One of the major barriers for newly legal recreational marijuana businesses in Colorado and Washington, and medical marijuana businesses elsewhere, has been lack of easy access to financial services. The businesses might be legal at the state level, as Jacob Sullum has noted, but federal regulators have left it very much up in the air as to whether banks can accept money openly connected to the marijuana trade.
Even more fun, the Internal Revenue Service then penalizes marijuana businesses for not paying taxes through an electronic system that requires access to a bank account.
Perhaps there's some relief in sight, though. The House of Representatives today told the Treasury Department to keep its hands off banks that take mariuana-related money.
Courtesy of the Drug Policy Alliance:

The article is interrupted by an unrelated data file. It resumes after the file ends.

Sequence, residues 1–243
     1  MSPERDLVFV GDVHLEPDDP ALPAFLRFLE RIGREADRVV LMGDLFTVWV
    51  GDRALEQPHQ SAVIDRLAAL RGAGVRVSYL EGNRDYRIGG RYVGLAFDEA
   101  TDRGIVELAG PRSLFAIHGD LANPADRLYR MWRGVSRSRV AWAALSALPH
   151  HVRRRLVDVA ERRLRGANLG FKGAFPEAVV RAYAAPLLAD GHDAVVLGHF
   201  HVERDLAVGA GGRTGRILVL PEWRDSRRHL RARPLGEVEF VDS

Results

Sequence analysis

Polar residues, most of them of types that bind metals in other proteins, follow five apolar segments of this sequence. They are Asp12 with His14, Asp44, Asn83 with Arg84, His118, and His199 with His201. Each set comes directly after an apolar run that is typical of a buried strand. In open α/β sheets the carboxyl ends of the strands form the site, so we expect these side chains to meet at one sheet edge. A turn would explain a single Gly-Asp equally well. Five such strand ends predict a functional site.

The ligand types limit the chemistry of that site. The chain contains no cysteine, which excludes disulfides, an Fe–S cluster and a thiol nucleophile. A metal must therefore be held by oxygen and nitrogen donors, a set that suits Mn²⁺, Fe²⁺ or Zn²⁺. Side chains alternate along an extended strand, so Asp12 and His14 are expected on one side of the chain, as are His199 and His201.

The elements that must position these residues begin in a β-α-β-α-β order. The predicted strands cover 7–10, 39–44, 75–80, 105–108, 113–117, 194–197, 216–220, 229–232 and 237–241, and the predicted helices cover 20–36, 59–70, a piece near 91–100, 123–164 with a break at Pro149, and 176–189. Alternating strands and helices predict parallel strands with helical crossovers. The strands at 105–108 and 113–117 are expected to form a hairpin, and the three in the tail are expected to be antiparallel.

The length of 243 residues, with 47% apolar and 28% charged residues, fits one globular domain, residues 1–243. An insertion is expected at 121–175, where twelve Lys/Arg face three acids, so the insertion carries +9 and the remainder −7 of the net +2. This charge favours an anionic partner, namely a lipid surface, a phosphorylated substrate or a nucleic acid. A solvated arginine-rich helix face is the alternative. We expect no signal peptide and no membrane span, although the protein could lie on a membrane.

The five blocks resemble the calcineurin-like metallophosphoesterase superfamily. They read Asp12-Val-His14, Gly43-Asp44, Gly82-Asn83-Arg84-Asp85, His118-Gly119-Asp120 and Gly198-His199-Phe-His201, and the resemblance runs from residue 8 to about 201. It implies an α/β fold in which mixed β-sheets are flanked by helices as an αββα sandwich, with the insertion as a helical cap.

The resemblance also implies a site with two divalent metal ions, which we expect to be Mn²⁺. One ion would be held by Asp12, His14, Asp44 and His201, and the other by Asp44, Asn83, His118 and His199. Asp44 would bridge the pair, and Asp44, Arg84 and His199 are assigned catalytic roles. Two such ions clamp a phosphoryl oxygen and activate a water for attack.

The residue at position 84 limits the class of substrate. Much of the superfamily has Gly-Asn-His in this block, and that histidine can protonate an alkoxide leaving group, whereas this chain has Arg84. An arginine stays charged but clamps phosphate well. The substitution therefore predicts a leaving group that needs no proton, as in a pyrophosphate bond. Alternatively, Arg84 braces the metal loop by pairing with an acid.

In a historic vote today the U.S. House passed a bipartisan amendment by Representatives Heck (D-WA), Perlmutter (D-CO), Lee (D-CA) and Rohrabacher (R-CA) preventing the Treasury Department from spending any funding to penalize financial institutions that provide services to marijuana businesses that are legal under state law. The amendment passed 231 to 192.
In May, the House passed an amendment prohibiting the Drug Enforcement Administration (DEA) from undermining state medical marijuana laws and passed two amendments prohibiting the DEA from interfering with state hemp laws.
That earlier measure, attempting to rein-in the DEA, may or may not live up to its billing. Its wording prevents federal narcs from interefering with state law, but the feds may deny they're doing anything of the sort even while kicking in doors and hauling people in for engaging in locally legal activities. Maybe they're just enforcing federal policy. Government officials just love those sorts of word games.
The House measure still must win Senate approval, too, which is not guaranteed. Still, the move is in line with shifting public opinion. Americans in general, and younger Americans in particular, increasingly support legalizing marijuana.
See Reason TV on the joys of trying to run a marijuana business legally: